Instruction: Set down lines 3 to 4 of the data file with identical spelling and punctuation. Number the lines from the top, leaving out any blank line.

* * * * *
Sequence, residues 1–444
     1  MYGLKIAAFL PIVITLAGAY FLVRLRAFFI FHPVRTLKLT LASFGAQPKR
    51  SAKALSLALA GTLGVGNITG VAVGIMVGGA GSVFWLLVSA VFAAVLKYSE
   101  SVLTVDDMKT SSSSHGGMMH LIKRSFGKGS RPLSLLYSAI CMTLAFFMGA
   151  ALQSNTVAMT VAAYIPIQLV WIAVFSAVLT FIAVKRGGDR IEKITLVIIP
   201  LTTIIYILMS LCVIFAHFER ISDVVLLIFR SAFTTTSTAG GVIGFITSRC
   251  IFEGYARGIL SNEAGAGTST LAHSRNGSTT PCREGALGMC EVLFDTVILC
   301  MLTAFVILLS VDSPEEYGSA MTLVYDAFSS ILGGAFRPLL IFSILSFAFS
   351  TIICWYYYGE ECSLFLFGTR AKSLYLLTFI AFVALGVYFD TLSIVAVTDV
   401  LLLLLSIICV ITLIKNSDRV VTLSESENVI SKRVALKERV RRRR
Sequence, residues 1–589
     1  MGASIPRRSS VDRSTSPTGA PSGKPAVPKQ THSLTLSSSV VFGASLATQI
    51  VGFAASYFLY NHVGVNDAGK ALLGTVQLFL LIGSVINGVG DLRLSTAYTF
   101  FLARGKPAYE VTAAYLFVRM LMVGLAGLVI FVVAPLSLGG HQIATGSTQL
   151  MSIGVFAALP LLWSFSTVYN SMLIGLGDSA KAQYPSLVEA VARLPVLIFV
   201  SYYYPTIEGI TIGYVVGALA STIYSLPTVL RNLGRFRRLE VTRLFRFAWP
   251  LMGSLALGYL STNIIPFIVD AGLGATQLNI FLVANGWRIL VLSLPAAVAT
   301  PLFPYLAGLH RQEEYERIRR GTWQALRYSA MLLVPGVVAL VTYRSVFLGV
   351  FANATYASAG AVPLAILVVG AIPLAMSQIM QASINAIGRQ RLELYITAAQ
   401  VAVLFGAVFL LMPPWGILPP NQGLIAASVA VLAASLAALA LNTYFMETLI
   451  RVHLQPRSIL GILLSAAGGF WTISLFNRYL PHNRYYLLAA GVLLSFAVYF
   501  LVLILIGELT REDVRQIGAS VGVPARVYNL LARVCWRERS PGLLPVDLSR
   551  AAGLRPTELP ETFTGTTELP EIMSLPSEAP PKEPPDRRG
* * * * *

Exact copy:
    51  SAKALSLALA GTLGVGNITG VAVGIMVGGA GSVFWLLVSA VFAAVLKYSE
   101  SVLTVDDMKT SSSSHGGMMH LIKRSFGKGS RPLSLLYSAI CMTLAFFMGA